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Vale CEO hopes to wrap up global dam-burst settlement by year-end

Vale CEO hopes to wrap up global dam-burst settlement by year-end
A helmet with a logo of Vale SA is seen in a collapsed tailings dam owned by the company, in Brumadinho, Brazil February 13, 2019. REUTERS/Washington Alves -
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WASHINGTON ALVES(Reuters)
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By Marta Nogueira and Christian Plumb

RIO DE JANEIRO/SAO PAULO (Reuters) – Brazil’s Vale SA <VALE3.SA> hopes to wrap up a global compensation settlement for victims of its deadly January dam burst by year-end, its chief financial officer said on Thursday, a day after the company announced $2 billion in related charges.

That came in addition to nearly $5 billion (£4.13 billion) in first-quarter charges the iron ore miner has previously disclosed. It remains unclear whether the writedowns taken so far would cover such a victims’ settlement.

Vale has been trying to ramp up production after several of its mines were shuttered as prosecutors and regulators scrambled to avoid a recurrence of the collapse of the Brumadinho dam, which killed nearly 248 people.

Speaking during a conference call with investors, Chief Executive Eduardo Bartolomeo emphasized that the company was trying to focus on safety and reconstruction and that it was too early to talk about resumption of dividend payments.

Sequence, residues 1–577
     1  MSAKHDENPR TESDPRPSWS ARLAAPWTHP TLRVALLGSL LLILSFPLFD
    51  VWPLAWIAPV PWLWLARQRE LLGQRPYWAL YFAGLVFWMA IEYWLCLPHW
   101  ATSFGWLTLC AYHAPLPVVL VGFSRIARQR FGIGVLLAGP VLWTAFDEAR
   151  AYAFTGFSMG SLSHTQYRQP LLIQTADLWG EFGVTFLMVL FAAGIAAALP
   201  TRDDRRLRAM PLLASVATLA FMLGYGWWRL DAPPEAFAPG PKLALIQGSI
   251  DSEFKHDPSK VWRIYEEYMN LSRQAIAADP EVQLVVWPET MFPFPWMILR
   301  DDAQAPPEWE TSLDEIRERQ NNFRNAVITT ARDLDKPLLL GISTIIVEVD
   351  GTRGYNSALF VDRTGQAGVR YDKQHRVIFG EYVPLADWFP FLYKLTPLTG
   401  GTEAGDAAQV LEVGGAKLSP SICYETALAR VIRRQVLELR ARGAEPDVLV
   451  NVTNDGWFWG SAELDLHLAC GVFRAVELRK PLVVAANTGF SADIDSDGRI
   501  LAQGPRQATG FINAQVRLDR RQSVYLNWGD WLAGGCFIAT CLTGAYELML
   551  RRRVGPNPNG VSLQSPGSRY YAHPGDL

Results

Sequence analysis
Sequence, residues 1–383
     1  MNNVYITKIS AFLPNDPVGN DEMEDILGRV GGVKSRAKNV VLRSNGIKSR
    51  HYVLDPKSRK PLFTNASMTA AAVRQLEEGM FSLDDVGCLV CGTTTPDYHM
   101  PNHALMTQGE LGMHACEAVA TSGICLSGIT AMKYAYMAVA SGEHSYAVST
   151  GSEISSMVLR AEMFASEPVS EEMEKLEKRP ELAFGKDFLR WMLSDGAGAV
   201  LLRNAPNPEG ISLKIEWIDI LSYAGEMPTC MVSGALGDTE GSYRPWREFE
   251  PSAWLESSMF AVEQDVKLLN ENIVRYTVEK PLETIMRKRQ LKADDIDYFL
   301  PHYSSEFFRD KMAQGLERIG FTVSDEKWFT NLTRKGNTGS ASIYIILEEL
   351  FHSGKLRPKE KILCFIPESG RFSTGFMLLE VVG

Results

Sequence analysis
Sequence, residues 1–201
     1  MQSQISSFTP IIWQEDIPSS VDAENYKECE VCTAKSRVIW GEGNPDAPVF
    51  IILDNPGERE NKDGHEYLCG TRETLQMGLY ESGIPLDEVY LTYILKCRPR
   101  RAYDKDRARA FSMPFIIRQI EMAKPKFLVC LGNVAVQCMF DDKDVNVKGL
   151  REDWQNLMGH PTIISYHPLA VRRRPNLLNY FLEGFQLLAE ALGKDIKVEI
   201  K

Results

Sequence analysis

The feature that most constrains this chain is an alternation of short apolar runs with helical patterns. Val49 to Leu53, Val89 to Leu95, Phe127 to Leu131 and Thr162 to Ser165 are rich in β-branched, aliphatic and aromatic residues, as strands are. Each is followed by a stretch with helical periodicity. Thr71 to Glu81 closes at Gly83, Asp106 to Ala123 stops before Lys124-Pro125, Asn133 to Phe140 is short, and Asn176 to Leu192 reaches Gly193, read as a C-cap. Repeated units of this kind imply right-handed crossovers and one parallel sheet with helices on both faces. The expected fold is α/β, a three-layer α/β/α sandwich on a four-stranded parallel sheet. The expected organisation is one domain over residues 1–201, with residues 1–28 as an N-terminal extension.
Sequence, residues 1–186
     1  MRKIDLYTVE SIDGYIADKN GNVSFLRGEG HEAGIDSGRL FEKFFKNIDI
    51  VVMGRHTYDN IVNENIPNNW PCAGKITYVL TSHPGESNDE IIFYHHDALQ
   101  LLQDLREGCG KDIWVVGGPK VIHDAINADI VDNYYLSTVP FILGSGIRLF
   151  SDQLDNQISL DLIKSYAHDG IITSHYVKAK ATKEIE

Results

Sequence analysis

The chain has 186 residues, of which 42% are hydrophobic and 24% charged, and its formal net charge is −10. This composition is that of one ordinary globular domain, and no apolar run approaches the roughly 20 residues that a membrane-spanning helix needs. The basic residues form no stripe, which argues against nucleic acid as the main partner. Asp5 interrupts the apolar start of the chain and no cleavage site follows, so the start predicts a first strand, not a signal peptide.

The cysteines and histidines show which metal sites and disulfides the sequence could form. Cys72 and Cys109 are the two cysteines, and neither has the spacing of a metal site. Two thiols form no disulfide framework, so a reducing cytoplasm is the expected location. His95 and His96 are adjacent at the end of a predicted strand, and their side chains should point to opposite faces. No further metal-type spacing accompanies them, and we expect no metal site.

He reiterated Vale’s prior forecast for a resumption of production at its Samarco joint venture with BHP Group in the second half of next year. Samarco has been closed since another deadly dam disaster in 2015.

On Wednesday, Vale reported a $133 million quarterly loss, confounding analysts expectations of a $2.84 billion profit for the period.

Shares were down 1.9% in late morning trading in Sao Paulo.

Earlier on the call, the chief financial officer, Luciano Siani, said Vale now has an annual iron ore capacity of between 340 million and 345 million tonnes, and added he expected strong copper and nickel output in the second half of the year.

Vale, the world’s largest iron ore exporter, has seen its production of the steel-making raw material fall steeply since the Brumadinho disaster.

(Reporting by Marta Nogueira in Rio de Janeiro and Christian Plumb in Sao Paulo; Editing by Bernadette Baum)

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